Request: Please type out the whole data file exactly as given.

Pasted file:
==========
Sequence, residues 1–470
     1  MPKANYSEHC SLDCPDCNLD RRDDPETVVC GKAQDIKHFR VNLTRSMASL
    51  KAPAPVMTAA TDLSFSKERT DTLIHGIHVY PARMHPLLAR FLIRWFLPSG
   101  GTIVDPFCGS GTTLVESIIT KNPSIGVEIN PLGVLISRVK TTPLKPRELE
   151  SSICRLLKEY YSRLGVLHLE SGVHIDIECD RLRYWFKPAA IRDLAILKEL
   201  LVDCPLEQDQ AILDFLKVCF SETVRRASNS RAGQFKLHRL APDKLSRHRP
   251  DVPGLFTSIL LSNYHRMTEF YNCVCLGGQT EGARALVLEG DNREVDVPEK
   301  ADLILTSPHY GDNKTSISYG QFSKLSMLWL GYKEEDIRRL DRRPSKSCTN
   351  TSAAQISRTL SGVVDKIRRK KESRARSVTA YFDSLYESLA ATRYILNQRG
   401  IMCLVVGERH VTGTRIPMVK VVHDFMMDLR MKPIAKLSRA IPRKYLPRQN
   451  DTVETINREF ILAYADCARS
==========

Sequence, residues 1–470
     1  MPKANYSEHC SLDCPDCNLD RRDDPETVVC GKAQDIKHFR VNLTRSMASL
    51  KAPAPVMTAA TDLSFSKERT DTLIHGIHVY PARMHPLLAR FLIRWFLPSG
   101  GTIVDPFCGS GTTLVESIIT KNPSIGVEIN PLGVLISRVK TTPLKPRELE
   151  SSICRLLKEY YSRLGVLHLE SGVHIDIECD RLRYWFKPAA IRDLAILKEL
   201  LVDCPLEQDQ AILDFLKVCF SETVRRASNS RAGQFKLHRL APDKLSRHRP
   251  DVPGLFTSIL LSNYHRMTEF YNCVCLGGQT EGARALVLEG DNREVDVPEK
   301  ADLILTSPHY GDNKTSISYG QFSKLSMLWL GYKEEDIRRL DRRPSKSCTN
   351  TSAAQISRTL SGVVDKIRRK KESRARSVTA YFDSLYESLA ATRYILNQRG
   401  IMCLVVGERH VTGTRIPMVK VVHDFMMDLR MKPIAKLSRA IPRKYLPRQN
   451  DTVETINREF ILAYADCARS